5. Triple Pundit: This new media site focuses on triple bottom line businesses that value people, planet, and profit. Although it covers its share of corporate news, its comprehensive coverage of all things related to green business on its website is helpful for small business owners as well.

With all of the information out there, I’m sure that there’s a few sites that aren’t on this list. What would you add?

What is Sustainability?

There are various definitions of sustainability. One of the most commonly accepted definitions comes from a 1987 UN Conference: “Sustainability is the ability to meet the needs of the present without compromising the ability of future generations to meet their needs.” This sounds good, but what does it really mean?

What is sustainability?

Meeting the Needs of the Present

Think for a moment about our most basic needs: food, water, and shelter. Traditionally throughout human history, these were provided on a local, moderate scale. Food was grown locally, water came from a clean local source such as a river, and shelter was modest. In recent decades, however, this has completely changed.

Now, our food is mass-produced on huge farms using pesticides and then transported halfway around the world, which has resulted in the displacement of small farmers, pollution from pesticides, and significant energy requirements from the transportation alone. Our water supplies are strained as a result of increased demand from growing populations and reduced supply from the pollution of our waterways. Finally, the size of our shelter has increased as well: the average American home has increased in size from 983 square feet in 1950 to 2,434 square feet in 2005. These homes require great amounts of energy to heat and to cool, not to mention the amount of resources used in building them in the first place.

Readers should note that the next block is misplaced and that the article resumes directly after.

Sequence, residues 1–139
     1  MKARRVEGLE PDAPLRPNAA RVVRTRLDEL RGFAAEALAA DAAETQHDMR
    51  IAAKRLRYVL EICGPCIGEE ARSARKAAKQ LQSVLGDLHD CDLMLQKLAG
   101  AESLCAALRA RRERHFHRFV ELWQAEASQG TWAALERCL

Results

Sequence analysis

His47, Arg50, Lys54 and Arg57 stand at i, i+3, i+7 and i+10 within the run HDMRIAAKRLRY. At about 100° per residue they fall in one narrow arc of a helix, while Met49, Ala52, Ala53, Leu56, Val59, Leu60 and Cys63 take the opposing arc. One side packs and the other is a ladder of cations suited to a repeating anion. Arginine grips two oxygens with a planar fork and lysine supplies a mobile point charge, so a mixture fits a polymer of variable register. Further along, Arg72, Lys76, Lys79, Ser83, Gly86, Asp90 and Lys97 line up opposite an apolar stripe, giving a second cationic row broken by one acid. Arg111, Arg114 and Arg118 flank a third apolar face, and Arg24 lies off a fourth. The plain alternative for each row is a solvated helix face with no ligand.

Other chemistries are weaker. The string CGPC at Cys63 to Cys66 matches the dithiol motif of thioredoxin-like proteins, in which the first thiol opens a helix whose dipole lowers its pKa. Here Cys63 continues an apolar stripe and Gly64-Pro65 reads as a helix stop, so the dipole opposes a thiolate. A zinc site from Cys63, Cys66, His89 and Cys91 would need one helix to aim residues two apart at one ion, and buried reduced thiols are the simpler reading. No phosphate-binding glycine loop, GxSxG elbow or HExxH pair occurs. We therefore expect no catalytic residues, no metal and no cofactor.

Beyond food, water, and shelter, it’s worthwhile to look at our wants in addition to our needs. We want to have the latest electronics and gadgets, the latest fashions, the latest cars, etc. – all of which require raw materials and energy to produce, transport, and maintain, and most of which will ultimately end up in landfills. Multiply this by 300 million people in the U.S. alone, and you can begin to see how this can create a strain on a planet that has never in its history had to produce so much for so many people.

Sustainability: Beyond Green

Although sustainability is often thought of as “going green,” it actually goes beyond that. Green can be limited to environmental issues such as reducing our carbon emissions, conserving water, and minimizing waste. These are, of course, all important activities that are needed for us to work and live within the natural limits of the planet.

Sustainability, however, challenges us to look at both social and environmental impacts. When the air and water are polluted, those are not just environmental issues – they are public health issues for the people who will breathe that air and drink that water. When development expands into isolated areas, the effects go beyond just the loss of forests and habitat destruction – it’s a cultural issue for indigenous people who may lose their traditional way of life. When oil spills occur, the effects aren’t limited to the loss of animal life and damage to ecosystems – they are a blow to local communities and people whose livelihoods are threatened.

By examining more closely the interactions among our economic activity, our environmental impacts, and our social impacts, we can begin to understand how sustainability is, ultimately, a much more holistic and comprehensive way of looking at our lives and understanding the world in which we live.